Cuboid diamond with a square heart
The photomicrograph below shows a yellow cuboid diamond crystal (0.13 ct – type IaA>Ib>>B) with an unusual internal structure that possesses three whitish cuboid concentric layers as well as a strong inhomogeneous yellow color repartition, rarely encountered in isotropic materials.
This sample is inert under both SW- and LW UV lights, with no phosphorescence Massi L. (2005) Studies of defects in brown and hydrogen-rich diamonds, PhD thesis, University of Nantes – France, 372 pages (PDF).
Cub-oid (cuboid term is made of “cub-“ from cubus, the cube and “-oid” from eîdos, the shape) diamonds are diamonds that show a kind of cube-like shape with wavy faces and rounded edges, features that set them apart from the regular cube that possesses planar faces and sharp edges Rondeau B. (2007) Proper Terminology for Diamond Growth, Gems & Gemology, Vol. 43, No. 2, pp. 96-97.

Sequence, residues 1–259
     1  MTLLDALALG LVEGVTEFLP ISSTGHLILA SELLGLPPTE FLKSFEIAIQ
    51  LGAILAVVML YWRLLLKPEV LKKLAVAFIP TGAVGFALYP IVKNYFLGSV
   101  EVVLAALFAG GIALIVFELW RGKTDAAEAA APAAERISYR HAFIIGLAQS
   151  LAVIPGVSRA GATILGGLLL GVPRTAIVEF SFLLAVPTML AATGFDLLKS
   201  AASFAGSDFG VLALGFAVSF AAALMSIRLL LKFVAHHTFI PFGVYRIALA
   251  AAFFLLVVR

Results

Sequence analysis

For lovers of scientific data, this diamond is hydrogen- and nitrogen-rich with a low aggregation state of nitrogen defects (single substitutional nitrogen impurity – type Ib character – causing the yellow coloration) Massi L. (2005) Studies of defects in brown and hydrogen-rich diamonds, PhD thesis, University of Nantes – France, 372 pages.
To go further:
(literature the reader might be interested to read to get more technical information on the topic covered in this blog post)
- Ragozin A., Zedgenizov D., Kuper K., Kalinina V. and Zemnukhov A. (2017) The Internal Structure of Yellow Cuboid Diamonds from Alluvial Placers of the Northeastern Siberian Platform, Special issue of Crystals: « Diamond Crystals », 7(8), 238.
- Rondeau B., Fritsch E., Guiraud M., Chalain J-P. and Notari F (2004) Three historical ‘asteriated’ hydrogen-rich diamonds: growth history and sector-dependent impurity incorporation, Diamond & Related Materials vol. 13, pp. 1658– 1673.
- Zedgenizov D.A., Kalinina V.V., Reutsky V.N., Yuryeva O.P. and Rakhmanova M.I. (2016) Regular cuboid diamonds from placers on the northeastern Siberian platform, Lithos, 265, 125–137.
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